Excavation crews working on the Purple Line subway extension at Wilshire Boulevard and La Brea Avenue have unearthed a pair of Ice Age fossils, marking the second time the project has led to the discovery of ancient remains, Metro officials said today.
A Camel Bone And A Bone From A Ice Age Elephant Found
According to Metro, crews found a camel bone and a bone from a mammoth
or mastodon while digging out the future subway station on April 12 and 13.
Once the bones were found, the on-site paleontologist diverted digging
operations away from the site to preserve the area. The bones were removed and
taken to a lab in Riverside to be identified.
The camel bone was later identified as a roughly 20-inch-long radioulna,
or forearm, from an extinct Camelops hesternus.
“Camel Bones Are Quite Rare”
“Camel bones are quite rare in the fossil record of our area,” said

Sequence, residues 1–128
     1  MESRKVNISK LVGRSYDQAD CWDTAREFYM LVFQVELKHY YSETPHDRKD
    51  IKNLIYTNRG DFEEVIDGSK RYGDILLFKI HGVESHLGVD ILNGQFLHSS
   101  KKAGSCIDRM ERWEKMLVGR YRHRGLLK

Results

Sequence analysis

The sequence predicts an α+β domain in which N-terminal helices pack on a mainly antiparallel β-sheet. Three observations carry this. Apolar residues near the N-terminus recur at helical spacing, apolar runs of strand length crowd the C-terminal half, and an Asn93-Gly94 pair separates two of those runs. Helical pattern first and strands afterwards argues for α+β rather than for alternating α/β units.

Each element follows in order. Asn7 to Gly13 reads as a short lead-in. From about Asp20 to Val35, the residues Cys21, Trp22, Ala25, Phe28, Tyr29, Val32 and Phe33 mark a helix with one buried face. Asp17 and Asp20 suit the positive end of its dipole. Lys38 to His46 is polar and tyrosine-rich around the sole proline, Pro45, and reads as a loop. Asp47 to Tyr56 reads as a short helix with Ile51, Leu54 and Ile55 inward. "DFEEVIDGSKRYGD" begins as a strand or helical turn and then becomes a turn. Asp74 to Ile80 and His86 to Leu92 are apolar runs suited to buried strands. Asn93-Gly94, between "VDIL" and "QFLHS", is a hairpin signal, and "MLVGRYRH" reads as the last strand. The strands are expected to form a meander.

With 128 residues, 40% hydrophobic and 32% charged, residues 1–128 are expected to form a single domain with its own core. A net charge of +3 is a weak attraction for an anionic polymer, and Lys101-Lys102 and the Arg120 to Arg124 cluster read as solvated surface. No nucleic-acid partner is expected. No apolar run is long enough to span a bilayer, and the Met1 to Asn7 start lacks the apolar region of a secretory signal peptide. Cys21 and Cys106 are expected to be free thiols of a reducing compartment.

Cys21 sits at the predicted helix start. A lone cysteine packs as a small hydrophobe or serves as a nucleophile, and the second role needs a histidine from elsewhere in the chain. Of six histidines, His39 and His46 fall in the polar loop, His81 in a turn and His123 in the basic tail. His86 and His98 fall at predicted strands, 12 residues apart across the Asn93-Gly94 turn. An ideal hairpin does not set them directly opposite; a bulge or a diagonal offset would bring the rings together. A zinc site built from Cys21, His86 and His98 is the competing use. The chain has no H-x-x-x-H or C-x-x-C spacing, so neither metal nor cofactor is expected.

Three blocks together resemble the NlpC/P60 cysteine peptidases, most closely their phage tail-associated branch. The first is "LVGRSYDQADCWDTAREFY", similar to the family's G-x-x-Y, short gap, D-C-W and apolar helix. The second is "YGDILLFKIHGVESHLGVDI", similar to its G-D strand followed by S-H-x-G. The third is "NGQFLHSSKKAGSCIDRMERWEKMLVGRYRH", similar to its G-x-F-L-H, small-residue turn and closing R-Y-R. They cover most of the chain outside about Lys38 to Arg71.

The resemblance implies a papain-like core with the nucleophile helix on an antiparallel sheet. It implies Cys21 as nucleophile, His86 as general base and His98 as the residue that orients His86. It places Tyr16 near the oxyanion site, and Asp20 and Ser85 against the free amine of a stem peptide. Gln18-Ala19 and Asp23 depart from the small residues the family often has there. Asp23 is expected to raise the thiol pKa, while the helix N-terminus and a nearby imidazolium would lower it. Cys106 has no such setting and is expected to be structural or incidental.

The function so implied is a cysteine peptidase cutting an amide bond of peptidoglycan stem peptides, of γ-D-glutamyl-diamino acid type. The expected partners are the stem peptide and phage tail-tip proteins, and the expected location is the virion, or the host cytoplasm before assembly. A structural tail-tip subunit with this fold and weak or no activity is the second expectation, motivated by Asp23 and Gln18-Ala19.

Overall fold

Ashley Leger, paleontological field director for Cogstone Resource Management,
which is providing paleontologist services at the construction site. “We are
very excited about what we might discover next in this fossil-rich area.”
The second fossil is believed to be a femur of an Ice Age elephant,
either a mastodon or mammoth. The bone is about 36 inches long.
In November, excavation crews working on the subway project in roughly
the same area found a tusk, tooth fragments and a nearly complete mastodon
All fossils found at the site will eventually be turned over to the
Natural History Museum of Los Angeles County.
City News Service.